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Russell Webster

Russell Webster

Criminal Justice & substance misuse expert and author of this blog.

Prison safety reaches new low

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October 2016 Ministry of Justice Safety in Custody statistics show an unrelenting and rapid increase in the numbers of suicides, assaults and self-harm

Grim reading

Even to those of us becoming inured to stories of the ever-growing tide of violence in our prisons, last Thursday’s (27 October 2016) Safety in Custody Statistics Bulletin from the Ministry of Justice make grim reading.

Covering deaths in custody for the year up to September 2016 and assaults and self-harm up to June 2016, the statistics tell starkly about a prison system out of control.

I share the headline findings below.

Deaths in custody

There were 324 deaths in prison custody in the last year, an increase of 57 (21%) compared to the previous year.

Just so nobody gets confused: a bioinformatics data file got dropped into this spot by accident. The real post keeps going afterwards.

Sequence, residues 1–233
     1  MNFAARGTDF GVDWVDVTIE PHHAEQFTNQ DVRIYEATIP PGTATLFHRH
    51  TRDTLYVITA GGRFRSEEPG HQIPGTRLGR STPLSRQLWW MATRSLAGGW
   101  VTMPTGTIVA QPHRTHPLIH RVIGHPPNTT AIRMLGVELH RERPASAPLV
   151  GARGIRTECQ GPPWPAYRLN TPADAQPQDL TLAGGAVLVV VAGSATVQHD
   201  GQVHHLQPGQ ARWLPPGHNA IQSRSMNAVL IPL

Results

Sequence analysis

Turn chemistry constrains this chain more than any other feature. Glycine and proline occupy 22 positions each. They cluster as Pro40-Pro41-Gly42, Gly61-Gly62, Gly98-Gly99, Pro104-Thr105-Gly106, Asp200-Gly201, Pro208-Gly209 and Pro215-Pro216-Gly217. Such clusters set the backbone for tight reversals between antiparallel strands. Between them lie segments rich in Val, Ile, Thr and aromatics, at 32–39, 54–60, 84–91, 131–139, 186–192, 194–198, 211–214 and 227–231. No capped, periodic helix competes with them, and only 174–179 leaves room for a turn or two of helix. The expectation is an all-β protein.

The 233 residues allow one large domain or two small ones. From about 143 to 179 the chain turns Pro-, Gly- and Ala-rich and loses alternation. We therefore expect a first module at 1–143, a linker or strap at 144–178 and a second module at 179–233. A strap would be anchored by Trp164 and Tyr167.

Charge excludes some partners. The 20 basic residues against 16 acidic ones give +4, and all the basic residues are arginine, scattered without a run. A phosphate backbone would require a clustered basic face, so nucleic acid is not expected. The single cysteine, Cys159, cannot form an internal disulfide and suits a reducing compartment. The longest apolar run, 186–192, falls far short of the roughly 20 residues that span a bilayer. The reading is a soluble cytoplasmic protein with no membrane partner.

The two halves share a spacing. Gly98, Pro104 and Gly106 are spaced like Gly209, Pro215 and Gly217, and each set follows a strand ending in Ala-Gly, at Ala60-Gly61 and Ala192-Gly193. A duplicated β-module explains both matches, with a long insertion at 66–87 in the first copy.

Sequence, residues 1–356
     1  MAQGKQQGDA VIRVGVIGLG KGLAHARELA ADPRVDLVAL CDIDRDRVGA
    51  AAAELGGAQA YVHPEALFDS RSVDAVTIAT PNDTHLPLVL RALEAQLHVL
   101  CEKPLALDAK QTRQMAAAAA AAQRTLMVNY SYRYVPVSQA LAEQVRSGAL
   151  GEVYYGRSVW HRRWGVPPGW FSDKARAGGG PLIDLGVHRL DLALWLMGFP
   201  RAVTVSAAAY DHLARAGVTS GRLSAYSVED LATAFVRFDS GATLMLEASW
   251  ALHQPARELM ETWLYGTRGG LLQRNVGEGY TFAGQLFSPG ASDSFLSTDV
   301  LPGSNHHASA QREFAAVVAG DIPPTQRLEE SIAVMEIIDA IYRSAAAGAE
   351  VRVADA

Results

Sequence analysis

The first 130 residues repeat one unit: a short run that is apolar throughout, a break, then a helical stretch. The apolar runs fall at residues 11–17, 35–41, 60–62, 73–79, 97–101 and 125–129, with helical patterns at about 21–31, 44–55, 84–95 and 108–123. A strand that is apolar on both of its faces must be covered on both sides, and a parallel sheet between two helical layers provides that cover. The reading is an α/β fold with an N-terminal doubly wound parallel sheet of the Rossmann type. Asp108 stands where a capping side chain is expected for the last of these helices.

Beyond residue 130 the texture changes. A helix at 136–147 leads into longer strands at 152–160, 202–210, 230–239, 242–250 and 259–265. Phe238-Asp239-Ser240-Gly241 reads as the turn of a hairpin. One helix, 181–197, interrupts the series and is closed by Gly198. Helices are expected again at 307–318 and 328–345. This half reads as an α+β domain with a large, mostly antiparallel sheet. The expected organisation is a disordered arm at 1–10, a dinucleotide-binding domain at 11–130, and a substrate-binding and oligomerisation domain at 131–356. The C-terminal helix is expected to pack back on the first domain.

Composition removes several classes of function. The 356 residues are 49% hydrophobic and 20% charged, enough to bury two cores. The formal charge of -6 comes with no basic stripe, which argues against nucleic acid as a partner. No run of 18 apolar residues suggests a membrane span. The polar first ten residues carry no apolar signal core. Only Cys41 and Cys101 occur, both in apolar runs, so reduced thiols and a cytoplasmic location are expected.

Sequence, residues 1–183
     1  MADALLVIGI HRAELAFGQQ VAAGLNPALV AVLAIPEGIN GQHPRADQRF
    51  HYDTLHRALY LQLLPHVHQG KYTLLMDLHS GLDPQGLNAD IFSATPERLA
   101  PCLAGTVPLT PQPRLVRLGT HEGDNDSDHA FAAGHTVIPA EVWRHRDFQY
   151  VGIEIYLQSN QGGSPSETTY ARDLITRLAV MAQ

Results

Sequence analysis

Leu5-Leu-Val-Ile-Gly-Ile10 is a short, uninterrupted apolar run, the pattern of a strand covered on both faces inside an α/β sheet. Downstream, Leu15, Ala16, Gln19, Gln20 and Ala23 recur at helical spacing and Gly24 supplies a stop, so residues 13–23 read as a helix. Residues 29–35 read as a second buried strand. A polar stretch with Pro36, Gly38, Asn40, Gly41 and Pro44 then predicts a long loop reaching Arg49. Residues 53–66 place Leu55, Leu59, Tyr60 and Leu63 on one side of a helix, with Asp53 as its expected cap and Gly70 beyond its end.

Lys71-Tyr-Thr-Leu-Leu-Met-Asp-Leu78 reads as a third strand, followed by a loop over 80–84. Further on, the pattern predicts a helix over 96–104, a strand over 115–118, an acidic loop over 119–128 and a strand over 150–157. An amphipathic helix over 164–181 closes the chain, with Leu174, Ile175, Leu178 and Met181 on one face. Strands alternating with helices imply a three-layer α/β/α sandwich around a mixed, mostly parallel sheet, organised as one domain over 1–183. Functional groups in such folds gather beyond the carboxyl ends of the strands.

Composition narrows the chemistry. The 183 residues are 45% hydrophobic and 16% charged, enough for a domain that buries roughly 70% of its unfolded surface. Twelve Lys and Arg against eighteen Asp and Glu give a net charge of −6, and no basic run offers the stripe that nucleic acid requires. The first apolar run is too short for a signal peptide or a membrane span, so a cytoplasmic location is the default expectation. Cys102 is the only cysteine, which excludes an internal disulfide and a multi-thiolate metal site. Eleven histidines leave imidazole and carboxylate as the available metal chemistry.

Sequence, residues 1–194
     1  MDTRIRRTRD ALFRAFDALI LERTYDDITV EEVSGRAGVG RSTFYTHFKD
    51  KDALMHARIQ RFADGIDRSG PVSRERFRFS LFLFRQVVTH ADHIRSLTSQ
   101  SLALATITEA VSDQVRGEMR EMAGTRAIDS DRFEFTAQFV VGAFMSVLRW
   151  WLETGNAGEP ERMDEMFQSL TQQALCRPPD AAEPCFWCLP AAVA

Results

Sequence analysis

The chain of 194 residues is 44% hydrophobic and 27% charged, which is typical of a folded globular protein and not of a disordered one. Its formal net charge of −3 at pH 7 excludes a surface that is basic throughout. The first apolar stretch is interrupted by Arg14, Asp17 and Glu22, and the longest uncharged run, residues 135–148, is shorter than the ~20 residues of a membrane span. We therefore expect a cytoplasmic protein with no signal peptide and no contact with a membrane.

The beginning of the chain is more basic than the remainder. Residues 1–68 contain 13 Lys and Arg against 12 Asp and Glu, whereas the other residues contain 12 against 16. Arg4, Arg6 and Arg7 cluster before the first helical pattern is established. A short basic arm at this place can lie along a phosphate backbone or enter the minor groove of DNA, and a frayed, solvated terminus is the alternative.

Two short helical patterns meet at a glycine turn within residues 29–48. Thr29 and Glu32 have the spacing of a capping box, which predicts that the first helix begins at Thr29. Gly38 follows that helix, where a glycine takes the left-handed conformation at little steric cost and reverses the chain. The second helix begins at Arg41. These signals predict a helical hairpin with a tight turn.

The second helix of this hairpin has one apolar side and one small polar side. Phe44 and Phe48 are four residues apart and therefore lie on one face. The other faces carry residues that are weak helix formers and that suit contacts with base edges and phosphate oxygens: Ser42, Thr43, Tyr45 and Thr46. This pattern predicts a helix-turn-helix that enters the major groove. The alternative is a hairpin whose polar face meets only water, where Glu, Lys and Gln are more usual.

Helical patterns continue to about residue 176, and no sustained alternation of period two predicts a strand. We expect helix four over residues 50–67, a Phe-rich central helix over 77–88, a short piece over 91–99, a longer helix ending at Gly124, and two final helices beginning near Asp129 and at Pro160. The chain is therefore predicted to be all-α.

Self-inflicted deaths increased from 95 to 107, a 13% rise

Eight women prisoners killed themselves – double last year’s total of four




Incidents of self-harm increased by 7,509 (26%) to 36,440 compared to the previous year

The number of individual prisoners harming themselves rose by 1,943 (23%) to 10,544 with individual harming themselves an average of 3.5 times, resulting in 2,583 hospital attendances



In the 12 months to June 2016 there were 23,775 assault incidents, an increase of 6,078 incidents (34%) from the same period of the previous year

There were 3,134 serious assaults, up 26% from the previous year

Prisoner on prisoner assaults were up 32% to 17,782

There were 2,462 serious prisoner on prisoner assaults, a rise of 28%

Assaults on staff were up by 43% to 5,954

Serious staff assaults rose 20% to 697




As you can see from the graphs above, these figures are not only appalling for this year but are the worst in recent history.

Of particular concern is the continuous rise of self-harm amongst male prisoners for the last six years and a relentless increase in the number of assaults over the last four years.

Although reductions in the numbers of staff are clearly the most important component, they cannot alone explain such significant rises.

The government’s White Paper on prison reform — rumoured to be published this Thursday 3 November — will be assessed in the light of these disturbing figures.

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